The Association of Yale Alumni kick-started its new “Careers, Life, and Yale” initiative on Saturday, with the first of two full-day events to be held this year.

The event, titled “Being Useful: Careers in Education, Health, Public Service and Social Entrepreneurship,” is part of a joint initiative by the AYA, Students and Alumni of Yale and the Office of Career Strategy to connect students and alumni and increase alumni engagement on campus. According to AYA Board of Governors Chair Lise Chapman SOM ’81, the intention is to consolidate existing programming like the AYA’s financial literacy courses for students and other one-time alumni events by organizing them under one initiative. Careers, Life, and Yale will hold one other event in February for careers in the arts, and three events per academic year will be held starting next fall.

“This effort became a giant collaborative effort across the University,” Chapman said. “It didn’t really start in one place. It’s sort of … connecting things that haven’t been connected before and bringing them together.”

Steve Blum ’74, senior director of strategic initiatives for the AYA, emphasized the large role that alumni played in developing the program. Rather than a University-driven initiative, Careers, Life, and Yale was organized almost entirely by alumni, he said. Blum added that alumni spent around 300 to 500 hours organizing the program.

Two hundred and fifty students signed up to attend the event, with a waiting list of 30 people, according to Blum. Of the 250, around 150 were undergraduates, with the remainder of students enrolled in the graduate and professional schools. Blum said there were many seniors signed up, but stressed that students of all years expressed interest, and that seniors did not even constitute a majority of undergraduates in attendance. Around 60 alumni participated in the event.

Throughout the day, alumni hosted small sessions where they discussed life skills such as interviewing, work-life balance, business etiquette and global citizenship. There were also panels hosted by alumni involved in four career sectors — education, health, public service and social entrepreneurship — meant to provide students with an authentic view of each profession. Each topical breakdown occurred once in the morning and once in the afternoon.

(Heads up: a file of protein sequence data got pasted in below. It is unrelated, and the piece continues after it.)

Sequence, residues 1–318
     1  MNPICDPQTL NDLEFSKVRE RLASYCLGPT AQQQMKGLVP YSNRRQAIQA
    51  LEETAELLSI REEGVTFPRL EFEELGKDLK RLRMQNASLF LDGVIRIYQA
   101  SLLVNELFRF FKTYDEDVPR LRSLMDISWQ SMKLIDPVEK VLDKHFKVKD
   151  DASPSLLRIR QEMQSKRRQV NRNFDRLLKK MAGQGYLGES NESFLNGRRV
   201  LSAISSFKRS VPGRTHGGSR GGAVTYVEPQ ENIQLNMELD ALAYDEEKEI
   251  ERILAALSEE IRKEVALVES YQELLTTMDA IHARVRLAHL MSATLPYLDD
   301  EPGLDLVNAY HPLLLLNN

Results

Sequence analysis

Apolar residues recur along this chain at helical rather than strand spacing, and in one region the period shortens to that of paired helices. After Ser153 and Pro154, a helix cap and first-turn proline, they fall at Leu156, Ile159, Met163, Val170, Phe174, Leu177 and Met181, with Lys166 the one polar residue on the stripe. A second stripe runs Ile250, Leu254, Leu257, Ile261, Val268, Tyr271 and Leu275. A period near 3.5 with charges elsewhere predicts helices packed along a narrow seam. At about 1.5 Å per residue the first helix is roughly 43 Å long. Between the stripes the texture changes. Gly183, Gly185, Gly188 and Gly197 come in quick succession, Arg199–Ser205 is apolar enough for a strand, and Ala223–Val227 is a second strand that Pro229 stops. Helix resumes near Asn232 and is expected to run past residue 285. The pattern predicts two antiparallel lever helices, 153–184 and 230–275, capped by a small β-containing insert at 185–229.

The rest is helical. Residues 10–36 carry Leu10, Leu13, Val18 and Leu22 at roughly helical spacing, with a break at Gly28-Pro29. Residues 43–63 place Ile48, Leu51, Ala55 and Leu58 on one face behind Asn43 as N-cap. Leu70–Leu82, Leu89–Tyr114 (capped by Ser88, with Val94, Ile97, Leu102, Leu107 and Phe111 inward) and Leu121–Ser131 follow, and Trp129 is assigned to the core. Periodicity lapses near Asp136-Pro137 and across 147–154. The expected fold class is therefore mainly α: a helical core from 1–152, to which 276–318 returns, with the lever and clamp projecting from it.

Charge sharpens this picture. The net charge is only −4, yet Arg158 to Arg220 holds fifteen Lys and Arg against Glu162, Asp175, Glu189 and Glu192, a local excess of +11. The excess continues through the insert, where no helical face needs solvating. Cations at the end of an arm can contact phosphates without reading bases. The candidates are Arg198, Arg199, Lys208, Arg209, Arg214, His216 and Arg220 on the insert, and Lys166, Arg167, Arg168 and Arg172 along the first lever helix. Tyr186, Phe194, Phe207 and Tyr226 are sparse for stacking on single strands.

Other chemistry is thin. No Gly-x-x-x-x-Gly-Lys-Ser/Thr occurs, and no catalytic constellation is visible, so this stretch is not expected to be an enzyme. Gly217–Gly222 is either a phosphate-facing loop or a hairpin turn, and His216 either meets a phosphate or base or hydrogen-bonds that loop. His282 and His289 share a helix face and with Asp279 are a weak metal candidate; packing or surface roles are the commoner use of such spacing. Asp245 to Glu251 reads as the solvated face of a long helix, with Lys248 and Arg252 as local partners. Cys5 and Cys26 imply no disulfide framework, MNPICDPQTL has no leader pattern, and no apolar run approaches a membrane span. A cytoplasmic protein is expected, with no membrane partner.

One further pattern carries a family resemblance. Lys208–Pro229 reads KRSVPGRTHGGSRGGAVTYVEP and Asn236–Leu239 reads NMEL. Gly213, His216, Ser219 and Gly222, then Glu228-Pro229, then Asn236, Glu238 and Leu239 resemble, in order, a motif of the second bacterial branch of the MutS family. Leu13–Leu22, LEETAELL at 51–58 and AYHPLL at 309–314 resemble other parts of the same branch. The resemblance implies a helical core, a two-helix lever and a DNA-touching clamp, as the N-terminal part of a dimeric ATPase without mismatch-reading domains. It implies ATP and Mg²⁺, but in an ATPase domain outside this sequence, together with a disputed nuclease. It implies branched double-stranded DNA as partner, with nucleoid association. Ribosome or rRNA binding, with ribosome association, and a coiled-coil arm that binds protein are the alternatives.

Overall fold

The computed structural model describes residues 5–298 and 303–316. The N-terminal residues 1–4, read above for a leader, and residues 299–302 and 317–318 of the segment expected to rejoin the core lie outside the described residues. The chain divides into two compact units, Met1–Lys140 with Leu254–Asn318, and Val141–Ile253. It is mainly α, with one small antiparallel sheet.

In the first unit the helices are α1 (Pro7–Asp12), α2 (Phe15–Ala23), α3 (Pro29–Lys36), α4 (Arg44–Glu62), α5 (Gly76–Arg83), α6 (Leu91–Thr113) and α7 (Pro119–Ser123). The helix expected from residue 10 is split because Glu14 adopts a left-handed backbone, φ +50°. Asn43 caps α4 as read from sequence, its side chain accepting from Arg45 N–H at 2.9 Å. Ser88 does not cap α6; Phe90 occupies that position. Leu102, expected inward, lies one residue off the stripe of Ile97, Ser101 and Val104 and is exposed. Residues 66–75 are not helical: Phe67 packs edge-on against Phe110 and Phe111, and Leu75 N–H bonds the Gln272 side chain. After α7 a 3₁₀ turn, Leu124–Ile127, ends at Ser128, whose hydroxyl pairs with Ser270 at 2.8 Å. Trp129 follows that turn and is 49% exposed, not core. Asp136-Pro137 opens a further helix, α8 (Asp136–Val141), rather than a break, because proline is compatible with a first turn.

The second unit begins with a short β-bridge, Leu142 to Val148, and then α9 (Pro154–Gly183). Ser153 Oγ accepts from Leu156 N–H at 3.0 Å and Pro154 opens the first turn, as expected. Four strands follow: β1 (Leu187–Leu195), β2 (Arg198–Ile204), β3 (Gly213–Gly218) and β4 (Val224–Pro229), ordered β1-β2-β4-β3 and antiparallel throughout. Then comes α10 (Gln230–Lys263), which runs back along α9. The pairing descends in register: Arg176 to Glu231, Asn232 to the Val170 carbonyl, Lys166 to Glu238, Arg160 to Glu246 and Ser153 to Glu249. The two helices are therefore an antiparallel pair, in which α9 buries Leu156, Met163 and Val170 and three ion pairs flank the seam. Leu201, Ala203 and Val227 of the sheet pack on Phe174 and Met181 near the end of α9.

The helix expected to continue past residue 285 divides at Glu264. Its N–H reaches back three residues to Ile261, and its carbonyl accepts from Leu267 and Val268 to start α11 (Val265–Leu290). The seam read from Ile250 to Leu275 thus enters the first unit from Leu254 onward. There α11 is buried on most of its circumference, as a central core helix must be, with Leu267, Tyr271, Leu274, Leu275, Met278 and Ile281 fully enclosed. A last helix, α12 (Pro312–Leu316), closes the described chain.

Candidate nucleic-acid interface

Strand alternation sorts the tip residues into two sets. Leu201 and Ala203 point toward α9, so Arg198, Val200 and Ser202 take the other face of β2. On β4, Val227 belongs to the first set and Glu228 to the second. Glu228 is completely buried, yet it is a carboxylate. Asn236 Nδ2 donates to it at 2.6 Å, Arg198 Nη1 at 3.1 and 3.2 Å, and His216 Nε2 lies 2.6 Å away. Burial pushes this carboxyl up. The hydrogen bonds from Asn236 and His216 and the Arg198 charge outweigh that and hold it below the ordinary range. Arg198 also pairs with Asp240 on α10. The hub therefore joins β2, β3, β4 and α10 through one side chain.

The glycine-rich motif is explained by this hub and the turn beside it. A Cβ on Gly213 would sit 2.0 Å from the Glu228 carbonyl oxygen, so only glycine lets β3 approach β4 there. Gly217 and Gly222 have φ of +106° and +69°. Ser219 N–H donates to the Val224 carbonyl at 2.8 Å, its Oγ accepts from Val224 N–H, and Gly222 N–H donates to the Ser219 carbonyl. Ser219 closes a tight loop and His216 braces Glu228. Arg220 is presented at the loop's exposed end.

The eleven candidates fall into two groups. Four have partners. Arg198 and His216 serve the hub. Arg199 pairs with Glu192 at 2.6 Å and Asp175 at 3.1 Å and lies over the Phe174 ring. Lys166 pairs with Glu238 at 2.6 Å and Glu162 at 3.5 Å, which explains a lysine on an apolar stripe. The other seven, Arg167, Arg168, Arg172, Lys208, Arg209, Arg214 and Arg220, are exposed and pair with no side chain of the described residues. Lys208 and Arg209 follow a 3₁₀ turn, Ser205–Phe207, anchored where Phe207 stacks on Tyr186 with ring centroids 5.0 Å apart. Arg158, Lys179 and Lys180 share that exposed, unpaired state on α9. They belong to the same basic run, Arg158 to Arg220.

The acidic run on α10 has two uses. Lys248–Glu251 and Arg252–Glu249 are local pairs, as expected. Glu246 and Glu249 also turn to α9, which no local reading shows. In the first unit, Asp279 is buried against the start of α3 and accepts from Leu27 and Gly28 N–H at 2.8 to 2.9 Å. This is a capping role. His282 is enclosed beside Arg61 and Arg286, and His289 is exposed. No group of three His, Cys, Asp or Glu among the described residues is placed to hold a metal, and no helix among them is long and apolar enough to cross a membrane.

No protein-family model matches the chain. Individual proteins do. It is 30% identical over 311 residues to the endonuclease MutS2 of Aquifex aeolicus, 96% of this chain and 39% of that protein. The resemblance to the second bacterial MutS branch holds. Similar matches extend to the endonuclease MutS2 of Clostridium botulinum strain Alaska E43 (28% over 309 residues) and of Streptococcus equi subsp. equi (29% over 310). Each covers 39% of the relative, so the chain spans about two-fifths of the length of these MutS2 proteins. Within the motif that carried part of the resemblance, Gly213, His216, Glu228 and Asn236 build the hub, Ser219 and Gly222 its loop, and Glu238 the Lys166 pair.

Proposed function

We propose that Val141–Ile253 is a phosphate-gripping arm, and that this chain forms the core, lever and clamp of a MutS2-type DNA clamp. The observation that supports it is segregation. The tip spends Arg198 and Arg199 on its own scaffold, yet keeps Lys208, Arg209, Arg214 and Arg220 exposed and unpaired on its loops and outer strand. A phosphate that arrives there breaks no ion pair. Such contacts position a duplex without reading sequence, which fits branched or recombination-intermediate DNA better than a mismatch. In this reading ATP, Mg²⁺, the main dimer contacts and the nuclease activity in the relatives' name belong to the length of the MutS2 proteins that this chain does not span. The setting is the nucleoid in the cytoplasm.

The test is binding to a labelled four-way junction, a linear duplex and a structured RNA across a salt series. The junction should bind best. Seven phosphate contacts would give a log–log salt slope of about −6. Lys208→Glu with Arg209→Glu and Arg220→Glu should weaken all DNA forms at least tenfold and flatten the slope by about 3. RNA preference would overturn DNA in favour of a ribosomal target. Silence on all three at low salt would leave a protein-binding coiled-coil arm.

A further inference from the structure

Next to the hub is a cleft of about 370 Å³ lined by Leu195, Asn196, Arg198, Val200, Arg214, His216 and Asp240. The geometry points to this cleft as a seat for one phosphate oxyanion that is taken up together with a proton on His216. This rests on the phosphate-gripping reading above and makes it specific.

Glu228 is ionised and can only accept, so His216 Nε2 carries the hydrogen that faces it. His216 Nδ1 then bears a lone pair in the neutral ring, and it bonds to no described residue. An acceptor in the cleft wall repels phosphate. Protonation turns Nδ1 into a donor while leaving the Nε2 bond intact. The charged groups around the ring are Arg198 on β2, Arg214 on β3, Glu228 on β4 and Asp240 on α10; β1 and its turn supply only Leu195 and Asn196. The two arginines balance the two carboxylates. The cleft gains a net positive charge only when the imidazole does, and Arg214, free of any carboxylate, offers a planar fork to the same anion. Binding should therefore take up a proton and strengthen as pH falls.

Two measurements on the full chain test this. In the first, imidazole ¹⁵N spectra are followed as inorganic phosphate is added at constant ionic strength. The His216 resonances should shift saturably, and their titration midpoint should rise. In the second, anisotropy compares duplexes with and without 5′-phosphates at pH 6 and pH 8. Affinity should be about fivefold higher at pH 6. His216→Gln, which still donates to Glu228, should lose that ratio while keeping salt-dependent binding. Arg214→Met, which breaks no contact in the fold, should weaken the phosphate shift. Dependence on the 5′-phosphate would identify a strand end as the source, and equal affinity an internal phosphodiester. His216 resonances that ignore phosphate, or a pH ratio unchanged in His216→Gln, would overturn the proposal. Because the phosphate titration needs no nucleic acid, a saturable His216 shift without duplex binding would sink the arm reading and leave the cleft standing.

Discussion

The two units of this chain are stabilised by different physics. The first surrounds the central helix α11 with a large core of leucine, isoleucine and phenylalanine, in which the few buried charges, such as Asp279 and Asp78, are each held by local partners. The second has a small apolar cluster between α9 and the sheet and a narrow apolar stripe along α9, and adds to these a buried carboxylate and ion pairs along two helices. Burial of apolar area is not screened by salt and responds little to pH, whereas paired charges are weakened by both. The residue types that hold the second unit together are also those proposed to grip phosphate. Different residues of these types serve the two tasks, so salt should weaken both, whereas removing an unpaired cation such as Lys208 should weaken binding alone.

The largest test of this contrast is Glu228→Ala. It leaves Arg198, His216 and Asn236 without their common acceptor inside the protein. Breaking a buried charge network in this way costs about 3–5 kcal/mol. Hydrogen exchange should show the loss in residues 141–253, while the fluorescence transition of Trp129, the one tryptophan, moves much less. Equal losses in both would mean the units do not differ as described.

Apart from the event’s main programming, students and alumni were able to connect at a luncheon and a dinner provided for attendees. Blum said the schedule was designed to facilitate networking and frank discussions about careers among students and alumni.

“We don’t want to have the situation where [students] ask three or four questions at the panel and then they vanish,” Blum said.

Some students took full advantage of the opportunity to engage with alumni by seeking out specific attendees. Abdul Osman SOM ’16 said he attended the social entrepreneurship panel to see Kristina Tremonti ’11, who created a platform for Greek citizens to raise awareness about government officials accepting bribes. Osman said he wanted to recreate the website in Ghana, where he is from, adding that listening to Tremonti’s experiences would help him manage the challenges of developing the project.

Another attendee, William Nyarko DIV ’17, said he saw the event as a good opportunity to meet people in the professional world, adding that his first few weeks of the semester have been very focused on academics, and part of going to Yale is to be able to work after graduation.

Bryan Patten ’96, who works in education management and served on an educational panel at the event, said he was invited to participate by his local AYA board, and that he was pleased Yale was offering opportunities for students to learn about a variety of careers.

“This is the kind of thing I wished they’d had when I was an undergraduate,” Patten said. He added that when he was at Yale, there was not much guidance for students who didn’t want to pursue careers in traditional fields like consulting and investment banking.

There are over 120 domestic and 40 international Yale Clubs and Associations for alumni.